Toyota Gives Itself Worldwide 'All Clear' Over Kobe Steel Fiasco

The automaker cleared itself of any impact deriving from Kobe Steel's misconduct.

Kobe Steel Ltd. Tokyo Head Office
Bloomberg—Bloomberg via Getty Images

Last year, Japan's automotive manufacturing industry found itself in a tough spot. Nissan and Subaru found themselves in the crosshairs of an investigation regarding the companies' practices for final vehicle inspection, while raw materials' provider Kobe Steel sat in the hot seat regarding allegations of improper material strength reporting. Toyota, a consumer of Kobe Steel, recently gave itself and subsidy Lexus the "all clear" after a long internal investigation on the matter.

Toyota began to investigate its own vehicles after the allegations of Kobe Steel's misconduct found itself exposed to daylight. In late October, the automaker started its gruesome process of testing to ensure that all materials were still safe, despite Kobe Steel being caught red-handed lying about the strength of its parts. It took nearly three months, but the manufacturer has now published its final findings on the matter for vehicles manufactured and shipped worldwide.

via Toyota

Toyota's final report regarding the impact of Kobe Steel's misconduct.

Bold borders indicate newest findings

In the above tables, Toyota was able to determine that vehicles sold under both the Toyota and Lexus brands were not impacted by the findings at Kobe Steel. The manufacturer indicated that the affected materials were not used in any of its vehicles sold in Japan or elsewhere in the world. Though the manufacturer did believe this was the case in November 2017, it was finally able to publish data indicating the this was indeed the case, relinquishing the concerns that sub-par materials may have been used to assembly Toyota's vehicles, according to the manufacturer's internal standards.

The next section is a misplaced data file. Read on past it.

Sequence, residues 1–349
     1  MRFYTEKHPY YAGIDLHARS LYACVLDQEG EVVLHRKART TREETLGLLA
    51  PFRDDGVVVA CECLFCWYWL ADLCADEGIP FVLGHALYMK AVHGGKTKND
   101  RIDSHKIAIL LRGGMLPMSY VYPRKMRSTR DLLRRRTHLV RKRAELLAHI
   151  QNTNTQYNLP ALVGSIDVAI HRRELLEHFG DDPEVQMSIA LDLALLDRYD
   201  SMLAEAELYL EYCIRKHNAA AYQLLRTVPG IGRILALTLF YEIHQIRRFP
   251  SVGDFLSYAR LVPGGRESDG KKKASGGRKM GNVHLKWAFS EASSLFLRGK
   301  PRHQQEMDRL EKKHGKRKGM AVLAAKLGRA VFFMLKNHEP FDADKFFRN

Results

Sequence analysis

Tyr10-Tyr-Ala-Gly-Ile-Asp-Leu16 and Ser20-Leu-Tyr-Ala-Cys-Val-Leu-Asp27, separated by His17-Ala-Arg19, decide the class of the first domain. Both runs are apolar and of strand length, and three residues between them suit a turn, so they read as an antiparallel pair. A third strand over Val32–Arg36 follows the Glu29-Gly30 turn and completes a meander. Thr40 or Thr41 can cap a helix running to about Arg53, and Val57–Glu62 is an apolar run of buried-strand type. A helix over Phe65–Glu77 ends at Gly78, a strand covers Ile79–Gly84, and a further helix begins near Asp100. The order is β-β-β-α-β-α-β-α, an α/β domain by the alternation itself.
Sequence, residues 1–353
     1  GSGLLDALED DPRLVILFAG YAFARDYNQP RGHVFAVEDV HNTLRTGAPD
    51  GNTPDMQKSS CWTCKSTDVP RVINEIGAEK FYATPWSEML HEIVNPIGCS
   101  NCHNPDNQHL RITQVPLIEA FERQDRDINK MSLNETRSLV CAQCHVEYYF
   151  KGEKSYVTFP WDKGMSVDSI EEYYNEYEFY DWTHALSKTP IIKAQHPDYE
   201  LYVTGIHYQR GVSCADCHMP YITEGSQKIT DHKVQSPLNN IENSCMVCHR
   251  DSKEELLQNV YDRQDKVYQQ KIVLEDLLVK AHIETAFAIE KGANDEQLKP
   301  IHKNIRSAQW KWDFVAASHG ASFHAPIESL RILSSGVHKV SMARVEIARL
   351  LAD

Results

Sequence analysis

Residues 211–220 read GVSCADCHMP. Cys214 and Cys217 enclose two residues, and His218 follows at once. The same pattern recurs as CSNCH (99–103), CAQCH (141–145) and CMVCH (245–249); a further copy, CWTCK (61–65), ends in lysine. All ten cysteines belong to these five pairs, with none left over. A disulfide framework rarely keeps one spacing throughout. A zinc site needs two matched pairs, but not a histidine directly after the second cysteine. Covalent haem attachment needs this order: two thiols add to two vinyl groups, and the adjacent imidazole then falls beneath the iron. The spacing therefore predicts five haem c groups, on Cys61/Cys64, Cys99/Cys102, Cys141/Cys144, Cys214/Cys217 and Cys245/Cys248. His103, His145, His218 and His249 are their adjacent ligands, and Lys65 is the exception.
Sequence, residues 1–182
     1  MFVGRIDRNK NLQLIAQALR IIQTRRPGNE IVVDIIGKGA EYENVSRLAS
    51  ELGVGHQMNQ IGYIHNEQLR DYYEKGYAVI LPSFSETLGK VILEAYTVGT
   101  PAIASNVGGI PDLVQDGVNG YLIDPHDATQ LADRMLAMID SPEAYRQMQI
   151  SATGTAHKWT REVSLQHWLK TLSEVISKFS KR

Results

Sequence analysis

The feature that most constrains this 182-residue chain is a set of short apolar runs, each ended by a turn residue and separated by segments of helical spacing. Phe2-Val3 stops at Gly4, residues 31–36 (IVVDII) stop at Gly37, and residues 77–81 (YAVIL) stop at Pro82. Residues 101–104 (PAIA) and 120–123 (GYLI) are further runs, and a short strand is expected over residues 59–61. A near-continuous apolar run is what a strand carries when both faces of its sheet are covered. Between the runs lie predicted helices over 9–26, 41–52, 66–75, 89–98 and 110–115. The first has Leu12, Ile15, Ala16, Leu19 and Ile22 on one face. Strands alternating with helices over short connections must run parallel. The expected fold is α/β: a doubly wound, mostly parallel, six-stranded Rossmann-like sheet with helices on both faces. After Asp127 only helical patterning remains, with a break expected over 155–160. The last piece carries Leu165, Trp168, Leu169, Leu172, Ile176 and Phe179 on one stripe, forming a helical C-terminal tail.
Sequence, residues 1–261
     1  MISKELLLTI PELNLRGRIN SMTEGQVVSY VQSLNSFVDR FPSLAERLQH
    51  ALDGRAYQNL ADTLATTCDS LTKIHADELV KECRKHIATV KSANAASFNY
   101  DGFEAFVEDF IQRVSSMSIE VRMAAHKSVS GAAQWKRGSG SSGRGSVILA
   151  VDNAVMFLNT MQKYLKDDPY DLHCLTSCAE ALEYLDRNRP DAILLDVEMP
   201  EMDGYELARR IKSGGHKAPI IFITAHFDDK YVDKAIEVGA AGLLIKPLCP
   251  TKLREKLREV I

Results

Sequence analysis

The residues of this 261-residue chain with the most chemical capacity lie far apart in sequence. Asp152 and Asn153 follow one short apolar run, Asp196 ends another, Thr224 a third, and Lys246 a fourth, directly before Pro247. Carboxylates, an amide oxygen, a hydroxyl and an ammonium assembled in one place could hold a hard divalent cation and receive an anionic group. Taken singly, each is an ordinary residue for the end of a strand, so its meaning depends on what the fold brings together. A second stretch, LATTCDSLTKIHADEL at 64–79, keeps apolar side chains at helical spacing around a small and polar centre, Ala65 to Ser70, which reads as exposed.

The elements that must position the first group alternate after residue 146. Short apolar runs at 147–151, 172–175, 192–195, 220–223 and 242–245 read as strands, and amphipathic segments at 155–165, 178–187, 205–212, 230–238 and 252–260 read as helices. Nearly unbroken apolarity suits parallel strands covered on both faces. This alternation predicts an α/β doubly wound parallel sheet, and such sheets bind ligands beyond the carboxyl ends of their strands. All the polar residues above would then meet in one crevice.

Other manufacturers confirmed the use of Kobe's metal products in their vehicles shortly after the news broke. This includes hoods and doors manufactured by Honda, and though Mazda confirmed the use of metal from Kobe, it did not specify where or how said materials were used. Both manufacturers confirmed that the vehicles produced by their respective plants were safe and free from defect in 2017.

Now that the majority of Japanese automakers have cleared their slates with the ending of their respective 2017 fiascos, it's hopeful that the new year will bring more of an innovative growth instead of a tarnished past. Toyota has been working hard to engineer solid-state batteries for future electric cars, and other manufacturers are playing catch-up in the new electric market space. Hopefully, with new technology on the horizon, the follies of Kobe Steel can be old news.